+ - Upon (clean) machine join or leave, reshuffling involves moving data from only one node.
+### Chord
+Stoica, et al.
+Full Ring case:
+ - First, imagine implementing consistent hashing among peers. Start by assuming we have 2^*i* peers, and 2^*i* hash values (a "full" Chord ring).
+ - Each peer knows its successor and predecessor on the ring.
+ - Each peer also has *i*-1 *fingers*: pointers to nodes at distance 2^*f* for *f* = {1,2, ..., *i*-1}.
+ - Draw the topology for a small *i*, say 3. Try drawing all the *i* = 1 fingers, All the *i* = 2 fingers, etc. [You will see some nice patterns.](chord-topology.pdf)
+ - Routing proceeds by choosing the finger that gets you closest to your target node.
+ - Note symmetries here -- doesn't matter how you "rotate" the ring, the routes look the same. What is Chord doing?
+ - How many hops in a lookup?
+ - Roots in Group Theory!
+Ring Emulation:
+ - In practice we don't have a full ring, as in Consistent Hashing.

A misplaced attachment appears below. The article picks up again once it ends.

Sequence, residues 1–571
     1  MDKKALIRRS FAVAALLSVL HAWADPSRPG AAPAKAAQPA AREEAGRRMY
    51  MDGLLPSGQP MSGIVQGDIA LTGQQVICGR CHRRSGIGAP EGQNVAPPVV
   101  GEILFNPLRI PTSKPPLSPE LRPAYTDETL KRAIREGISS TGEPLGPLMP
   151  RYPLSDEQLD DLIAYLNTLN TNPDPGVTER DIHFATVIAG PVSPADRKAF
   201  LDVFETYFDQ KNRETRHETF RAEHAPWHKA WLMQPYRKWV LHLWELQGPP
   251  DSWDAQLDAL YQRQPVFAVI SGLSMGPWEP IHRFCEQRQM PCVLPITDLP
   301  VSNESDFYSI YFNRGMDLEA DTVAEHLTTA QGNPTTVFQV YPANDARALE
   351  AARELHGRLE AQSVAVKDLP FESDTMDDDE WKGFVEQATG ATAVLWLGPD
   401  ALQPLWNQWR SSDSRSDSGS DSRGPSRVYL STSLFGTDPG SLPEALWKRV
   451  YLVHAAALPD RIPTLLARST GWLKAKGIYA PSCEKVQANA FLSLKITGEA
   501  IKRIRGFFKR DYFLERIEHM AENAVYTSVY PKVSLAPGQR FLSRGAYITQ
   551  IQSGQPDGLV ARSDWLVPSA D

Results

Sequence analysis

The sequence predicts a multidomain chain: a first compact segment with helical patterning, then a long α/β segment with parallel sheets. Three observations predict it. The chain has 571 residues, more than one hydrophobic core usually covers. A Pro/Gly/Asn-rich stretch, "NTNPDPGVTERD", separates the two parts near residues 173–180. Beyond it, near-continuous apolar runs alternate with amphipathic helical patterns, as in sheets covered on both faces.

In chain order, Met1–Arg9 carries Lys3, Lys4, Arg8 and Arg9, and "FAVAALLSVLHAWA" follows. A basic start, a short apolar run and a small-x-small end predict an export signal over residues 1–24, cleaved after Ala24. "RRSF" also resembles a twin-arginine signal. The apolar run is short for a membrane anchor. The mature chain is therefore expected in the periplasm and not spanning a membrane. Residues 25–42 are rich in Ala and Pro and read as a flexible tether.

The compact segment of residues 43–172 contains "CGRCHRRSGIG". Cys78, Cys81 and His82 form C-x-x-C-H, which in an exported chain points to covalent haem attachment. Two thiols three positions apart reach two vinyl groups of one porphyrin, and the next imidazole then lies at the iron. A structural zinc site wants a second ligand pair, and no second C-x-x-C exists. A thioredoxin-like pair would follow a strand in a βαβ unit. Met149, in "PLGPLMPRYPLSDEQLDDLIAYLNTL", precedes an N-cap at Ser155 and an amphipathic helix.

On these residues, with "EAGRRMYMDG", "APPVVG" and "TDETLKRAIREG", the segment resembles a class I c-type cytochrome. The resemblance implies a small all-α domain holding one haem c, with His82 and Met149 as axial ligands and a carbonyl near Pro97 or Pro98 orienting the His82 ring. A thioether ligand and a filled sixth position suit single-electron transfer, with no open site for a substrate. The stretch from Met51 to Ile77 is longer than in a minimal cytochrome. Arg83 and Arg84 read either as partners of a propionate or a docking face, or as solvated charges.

+ - Instead, each node covers a range of values that precede it, and has successor/predecessor pointers to nodes some distance ahead/behind. (The "ring".)
+ - From these we can find fingers that are successors of the finger we'd have in the full ring -- they are responsible for the key value of the finger.
+ - Search works as before.
+Ring maintenance under "churn":
+ - This is a tricky concurrent distributed data structure problem.
+ - We'd like to make it simple!
+ - Join:
+ - correctness invariants: data in the right place, successors must be right. Predecessors and fingers are just "hints" and can be wrong!!
+ 1. new node claims an ID, does lookups to get the right successor pointer and fingers.
+ - can copy fingers from successor as a bootstrap
+ 2. link into ring: lookup predecessor and ask to set yourself as successor
+ 3. lazily announce your presence to anybody whose finger should point to you
+ - No explicit leave protocol
+ - *Stabilization*: periodically fix successors/predecessors
+ 1. ask your successor to name its predecessor
+ 2. if not you, then link to new successor and notify it that you're the predecessor.
+ - *Finger Fixing*: lazily/periodically fix fingers
+ - lookup the value of a fingers and update.
+ - can do this on detecting error, and/or periodically
+ - Assertion: successor relation is eventually consistent, so messages get delivered
+ - Theorem: If finger fixing happens reasonably often (more often than #nodes doubling), lookups remain *O*(log *n*)